Wanted at Uber: A CEO Who Can Do Pretty Much Everything

June 22, 2017 | Wall Street Journal

Succeeding Travis Kalanick viewed as ‘once-in-a-generation opportunity’ that is also fraught with risk.

The most tantalizing CEO job now open in the tech world also may be the toughest.

Travis Kalanick's abrupt resignation as chief executive of Uber Technologies Inc. has kicked off a search for a leader to run the world's most valuable startup. His successor, though, will have to contend with scandals on numerous fronts, a leadership team gutted by executive departures and ousters, and a workplace culture widely criticized for being permissive of sexual harassment and sexism.

"It's a once-in-a-generation opportunity," said Jeffrey Cohn, managing director of global CEO succession planning for DHR International, an executive-search firm.

Yet any future Uber CEO will have to contend with Mr. Kalanick, who is expected to remain an influential presence at the ride-hailing company: He will keep a seat on Uber's board of directors and he retains control of a majority of its voting shares. "You don't want to be [his] puppet," Mr. Cohn said.

In launching a search for a new leader, Uber likely will suspend its pending hunt for a chief operating officer, according to people familiar with the matter.

Heidrick & Struggles International Inc., a search firm in charge of Uber's hunt for a COO, probably will now focus instead on the CEO assignment, one of the people said.

A board member could step in to fill Mr. Kalanick's shoes temporarily- particularly Arianna Huffington, who has emerged as the main voice for Uber's board in recent months and has taken a prominent role in Uber's investigation into its workplace practices-said Bart Friedman, a corporate governance expert and senior counsel at law firm Cahill Gordon & Reindel LLP.

Given her limited operational experience, though, some executive recruiters say she is unlikely to be a candidate for the chief executive role longer term, and is a long shot even as an interim leader. Mr. Friedman said Uber co-founder Garrett Camp, also its chairman, is a dark horse as he "may not demonstrate sufficient change for investors, who will really be calling the shots."

“The investors are going to be looking for not only someone who is transformative but a big public-relations success,” he added. “It is going to have to be a headsnapper.”

Ms. Huffington couldn't immediately be reached for comment.

Mr. Cohn said he expects Uber to choose an external candidate to replace Mr. Kalanick "if they are serious about getting the culture in shape." The outside recruit also should know how to take them through an initial public offering, he said.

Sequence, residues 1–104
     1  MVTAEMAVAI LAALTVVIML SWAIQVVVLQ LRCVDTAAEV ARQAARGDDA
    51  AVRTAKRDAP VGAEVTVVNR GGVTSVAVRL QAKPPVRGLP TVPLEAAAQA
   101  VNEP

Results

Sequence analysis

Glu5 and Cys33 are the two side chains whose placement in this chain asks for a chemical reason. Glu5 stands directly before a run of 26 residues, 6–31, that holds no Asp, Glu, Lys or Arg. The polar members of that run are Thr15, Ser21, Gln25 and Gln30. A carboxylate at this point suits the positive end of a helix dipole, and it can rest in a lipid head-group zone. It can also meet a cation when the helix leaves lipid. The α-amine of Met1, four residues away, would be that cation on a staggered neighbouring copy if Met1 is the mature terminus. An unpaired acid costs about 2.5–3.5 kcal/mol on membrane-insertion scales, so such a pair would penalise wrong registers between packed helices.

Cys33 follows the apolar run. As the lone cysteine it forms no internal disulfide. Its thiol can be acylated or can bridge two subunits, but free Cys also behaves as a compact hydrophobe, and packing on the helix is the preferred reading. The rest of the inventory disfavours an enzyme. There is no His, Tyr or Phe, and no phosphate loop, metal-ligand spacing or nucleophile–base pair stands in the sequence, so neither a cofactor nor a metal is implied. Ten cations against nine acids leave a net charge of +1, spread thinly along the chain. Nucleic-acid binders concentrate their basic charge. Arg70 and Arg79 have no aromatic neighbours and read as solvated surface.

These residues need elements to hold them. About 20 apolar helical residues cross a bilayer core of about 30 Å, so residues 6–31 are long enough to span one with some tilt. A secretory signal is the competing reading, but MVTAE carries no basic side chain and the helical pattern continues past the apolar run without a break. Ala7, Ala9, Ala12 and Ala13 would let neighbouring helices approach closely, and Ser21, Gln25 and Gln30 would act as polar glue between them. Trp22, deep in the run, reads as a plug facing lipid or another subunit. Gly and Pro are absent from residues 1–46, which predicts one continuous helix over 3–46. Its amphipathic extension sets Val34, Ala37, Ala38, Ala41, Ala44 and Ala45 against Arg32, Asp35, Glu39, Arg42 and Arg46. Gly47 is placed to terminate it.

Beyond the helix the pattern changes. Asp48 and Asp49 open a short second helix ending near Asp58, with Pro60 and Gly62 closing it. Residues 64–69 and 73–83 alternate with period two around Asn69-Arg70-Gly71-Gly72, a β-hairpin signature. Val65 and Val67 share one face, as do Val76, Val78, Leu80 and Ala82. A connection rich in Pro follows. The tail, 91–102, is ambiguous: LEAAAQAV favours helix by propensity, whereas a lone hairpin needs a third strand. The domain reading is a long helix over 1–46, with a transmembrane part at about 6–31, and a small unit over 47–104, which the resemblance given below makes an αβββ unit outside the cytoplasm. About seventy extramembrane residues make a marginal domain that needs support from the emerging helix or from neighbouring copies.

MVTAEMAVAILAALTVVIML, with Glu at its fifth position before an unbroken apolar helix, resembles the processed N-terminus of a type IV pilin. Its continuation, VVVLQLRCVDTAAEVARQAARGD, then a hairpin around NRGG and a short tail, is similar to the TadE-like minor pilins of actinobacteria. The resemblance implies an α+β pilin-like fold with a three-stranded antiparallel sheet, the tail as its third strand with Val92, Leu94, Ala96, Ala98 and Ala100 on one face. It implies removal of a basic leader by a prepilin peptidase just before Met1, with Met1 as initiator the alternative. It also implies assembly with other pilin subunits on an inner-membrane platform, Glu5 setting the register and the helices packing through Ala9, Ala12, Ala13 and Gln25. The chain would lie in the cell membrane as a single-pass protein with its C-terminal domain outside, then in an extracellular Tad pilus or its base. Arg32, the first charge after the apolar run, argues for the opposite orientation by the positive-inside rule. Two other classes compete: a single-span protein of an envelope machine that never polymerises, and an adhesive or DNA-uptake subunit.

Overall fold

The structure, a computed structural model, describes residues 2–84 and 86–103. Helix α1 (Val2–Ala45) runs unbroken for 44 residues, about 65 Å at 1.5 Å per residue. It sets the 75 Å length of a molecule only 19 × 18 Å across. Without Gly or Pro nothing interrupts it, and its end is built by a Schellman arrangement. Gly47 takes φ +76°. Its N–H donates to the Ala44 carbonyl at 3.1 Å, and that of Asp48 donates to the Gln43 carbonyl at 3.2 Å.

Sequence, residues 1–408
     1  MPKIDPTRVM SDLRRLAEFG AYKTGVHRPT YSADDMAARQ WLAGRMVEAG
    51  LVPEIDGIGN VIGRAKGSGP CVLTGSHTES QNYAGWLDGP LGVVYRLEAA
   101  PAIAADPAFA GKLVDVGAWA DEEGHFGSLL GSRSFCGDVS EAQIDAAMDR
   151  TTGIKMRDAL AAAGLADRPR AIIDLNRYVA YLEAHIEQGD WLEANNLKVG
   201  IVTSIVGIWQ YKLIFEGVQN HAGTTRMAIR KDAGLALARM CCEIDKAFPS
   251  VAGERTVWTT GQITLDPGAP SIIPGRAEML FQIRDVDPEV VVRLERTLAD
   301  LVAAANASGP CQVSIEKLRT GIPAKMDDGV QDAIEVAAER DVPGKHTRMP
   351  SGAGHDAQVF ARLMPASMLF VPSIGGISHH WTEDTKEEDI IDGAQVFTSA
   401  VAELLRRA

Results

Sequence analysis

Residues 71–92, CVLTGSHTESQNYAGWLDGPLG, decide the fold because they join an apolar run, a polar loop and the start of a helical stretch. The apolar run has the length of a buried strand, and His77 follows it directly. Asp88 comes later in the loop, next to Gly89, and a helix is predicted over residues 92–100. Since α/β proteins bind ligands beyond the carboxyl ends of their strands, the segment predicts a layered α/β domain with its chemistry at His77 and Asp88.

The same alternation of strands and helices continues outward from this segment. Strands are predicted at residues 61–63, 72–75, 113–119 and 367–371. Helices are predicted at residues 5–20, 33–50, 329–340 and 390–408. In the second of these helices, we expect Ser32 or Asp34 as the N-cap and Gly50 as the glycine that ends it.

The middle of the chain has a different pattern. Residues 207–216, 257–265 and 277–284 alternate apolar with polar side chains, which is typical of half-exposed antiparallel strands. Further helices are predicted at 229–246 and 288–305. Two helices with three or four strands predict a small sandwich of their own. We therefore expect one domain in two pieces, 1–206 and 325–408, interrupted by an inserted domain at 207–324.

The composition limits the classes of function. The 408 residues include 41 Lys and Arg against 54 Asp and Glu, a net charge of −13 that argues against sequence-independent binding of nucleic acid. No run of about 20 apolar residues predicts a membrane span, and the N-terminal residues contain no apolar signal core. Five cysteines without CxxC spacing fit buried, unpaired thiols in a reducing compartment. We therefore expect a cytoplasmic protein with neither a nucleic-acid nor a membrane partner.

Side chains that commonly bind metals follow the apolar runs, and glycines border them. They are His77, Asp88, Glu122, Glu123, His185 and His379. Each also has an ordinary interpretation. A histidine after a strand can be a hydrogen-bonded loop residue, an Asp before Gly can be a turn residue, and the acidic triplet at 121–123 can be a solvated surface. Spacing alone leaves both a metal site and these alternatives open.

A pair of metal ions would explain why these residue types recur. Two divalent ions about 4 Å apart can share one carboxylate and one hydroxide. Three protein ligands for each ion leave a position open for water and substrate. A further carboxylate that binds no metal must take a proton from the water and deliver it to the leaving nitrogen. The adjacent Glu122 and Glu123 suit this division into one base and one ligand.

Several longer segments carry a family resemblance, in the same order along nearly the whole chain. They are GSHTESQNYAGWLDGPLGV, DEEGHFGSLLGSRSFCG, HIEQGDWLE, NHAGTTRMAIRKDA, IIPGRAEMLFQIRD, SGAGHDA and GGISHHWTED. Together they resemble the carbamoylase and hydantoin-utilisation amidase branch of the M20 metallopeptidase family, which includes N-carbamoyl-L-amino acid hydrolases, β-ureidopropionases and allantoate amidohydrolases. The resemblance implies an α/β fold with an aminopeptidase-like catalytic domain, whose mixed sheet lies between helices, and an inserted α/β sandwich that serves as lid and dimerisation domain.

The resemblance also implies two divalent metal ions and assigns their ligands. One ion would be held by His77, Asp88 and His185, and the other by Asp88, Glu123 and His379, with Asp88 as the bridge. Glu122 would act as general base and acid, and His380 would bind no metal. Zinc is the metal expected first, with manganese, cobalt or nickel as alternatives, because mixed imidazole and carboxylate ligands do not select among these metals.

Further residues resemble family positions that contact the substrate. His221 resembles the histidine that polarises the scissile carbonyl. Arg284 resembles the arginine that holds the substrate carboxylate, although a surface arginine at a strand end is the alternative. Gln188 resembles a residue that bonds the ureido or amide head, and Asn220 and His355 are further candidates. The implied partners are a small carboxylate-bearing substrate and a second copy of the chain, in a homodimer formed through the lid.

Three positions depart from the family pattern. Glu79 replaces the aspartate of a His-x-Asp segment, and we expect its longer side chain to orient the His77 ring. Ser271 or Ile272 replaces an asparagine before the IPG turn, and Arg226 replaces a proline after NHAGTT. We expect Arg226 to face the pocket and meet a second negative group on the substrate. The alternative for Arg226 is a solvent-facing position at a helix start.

A number of talented executives who didn't want Uber's No. 2 spot would be interested in being CEO, Mr. Cohn said. He cited Tom Staggs, the former No. 2 at Walt Disney Co., as one such possibility. Uber had interviewed Mr. Staggs to be second in command, The Wall Street Journal previously reported. Mr. Staggs couldn't immediately be reached.

An ideal pick would be a star player from a technology-services industry with operational, global and turnaround experience, said Dora Vell, CEO of tech recruiting firm Vell & Associates.

She added that she doesn't see qualified candidates on Uber's board or management team.

Ms. Vell, who has placed leaders of several small- and medium-sized tech companies, suggested several potential prospects for the No. 1 job. Among them is Keith Block, president of Salesforce.com Inc. and a 26-year veteran of Oracle Corp.

"He's very, very strong operationally," Ms. Vell said. "I know he's CEO material. He's very ethical, tough. People love him.”

Mr. Block didn't return calls for comment. A Salesforce.com spokeswoman declined to comment.

Other possible picks for Uber CEO include Safra Catz, co-CEO of Oracle, and Pat Gelsinger, CEO of VMware, a unit of Dell Inc., according to Ms. Veil. An Oracle spokeswoman declined to comment about whether Ms. Catz might join Uber. A VMware spokesman said Mr. Gelsinger "is deeply committed to his role as VMware CEO."

A person close to Facebook Inc.'s chief operating officer, Sheryl Sandberg, quashed speculation that she could be a contender for the job, saying that Ms. Sandberg plans to stay put.

Jim Bethmann, head of the high-tech practice at recruiters Caldwell Partners International, said another tech-industry veteran, Hewlett Packard Enterprise chief Meg Whitman, is well-qualified to run a complex global enterprise like Uber but she likely wouldn’t do so.

Via a spokesman, Ms. Whitman said she remained “fully committed to HPE” and doesn’t plan to leave until the company’s turnaround is complete.